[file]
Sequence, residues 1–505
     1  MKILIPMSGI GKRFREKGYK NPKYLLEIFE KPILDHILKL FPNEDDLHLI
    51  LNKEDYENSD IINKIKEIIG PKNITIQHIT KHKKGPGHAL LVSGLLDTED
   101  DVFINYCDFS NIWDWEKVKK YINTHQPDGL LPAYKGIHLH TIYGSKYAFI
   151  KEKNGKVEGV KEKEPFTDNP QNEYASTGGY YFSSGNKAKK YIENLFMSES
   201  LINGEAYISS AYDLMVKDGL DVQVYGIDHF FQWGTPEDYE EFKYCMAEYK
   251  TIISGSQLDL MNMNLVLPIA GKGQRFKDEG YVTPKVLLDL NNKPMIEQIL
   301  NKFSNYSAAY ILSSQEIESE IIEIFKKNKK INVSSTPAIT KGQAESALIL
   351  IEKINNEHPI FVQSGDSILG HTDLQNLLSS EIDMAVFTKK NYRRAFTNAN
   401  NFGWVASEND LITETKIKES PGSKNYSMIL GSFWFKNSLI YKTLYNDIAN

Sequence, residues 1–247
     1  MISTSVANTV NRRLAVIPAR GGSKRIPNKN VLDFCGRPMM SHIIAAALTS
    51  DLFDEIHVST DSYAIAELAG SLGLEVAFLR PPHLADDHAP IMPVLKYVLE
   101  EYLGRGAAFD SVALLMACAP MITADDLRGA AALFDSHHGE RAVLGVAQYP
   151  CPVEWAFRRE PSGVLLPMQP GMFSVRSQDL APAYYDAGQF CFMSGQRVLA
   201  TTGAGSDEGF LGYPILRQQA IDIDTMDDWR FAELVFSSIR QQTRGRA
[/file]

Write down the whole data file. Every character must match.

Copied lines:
Sequence, residues 1–505
     1  MKILIPMSGI GKRFREKGYK NPKYLLEIFE KPILDHILKL FPNEDDLHLI
    51  LNKEDYENSD IINKIKEIIG PKNITIQHIT KHKKGPGHAL LVSGLLDTED
   101  DVFINYCDFS NIWDWEKVKK YINTHQPDGL LPAYKGIHLH TIYGSKYAFI
   151  KEKNGKVEGV KEKEPFTDNP QNEYASTGGY YFSSGNKAKK YIENLFMSES
   201  LINGEAYISS AYDLMVKDGL DVQVYGIDHF FQWGTPEDYE EFKYCMAEYK
   251  TIISGSQLDL MNMNLVLPIA GKGQRFKDEG YVTPKVLLDL NNKPMIEQIL
   301  NKFSNYSAAY ILSSQEIESE IIEIFKKNKK INVSSTPAIT KGQAESALIL
   351  IEKINNEHPI FVQSGDSILG HTDLQNLLSS EIDMAVFTKK NYRRAFTNAN
   401  NFGWVASEND LITETKIKES PGSKNYSMIL GSFWFKNSLI YKTLYNDIAN

Sequence, residues 1–247
     1  MISTSVANTV NRRLAVIPAR GGSKRIPNKN VLDFCGRPMM SHIIAAALTS
    51  DLFDEIHVST DSYAIAELAG SLGLEVAFLR PPHLADDHAP IMPVLKYVLE
   101  EYLGRGAAFD SVALLMACAP MITADDLRGA AALFDSHHGE RAVLGVAQYP
   151  CPVEWAFRRE PSGVLLPMQP GMFSVRSQDL APAYYDAGQF CFMSGQRVLA
   201  TTGAGSDEGF LGYPILRQQA IDIDTMDDWR FAELVFSSIR QQTRGRA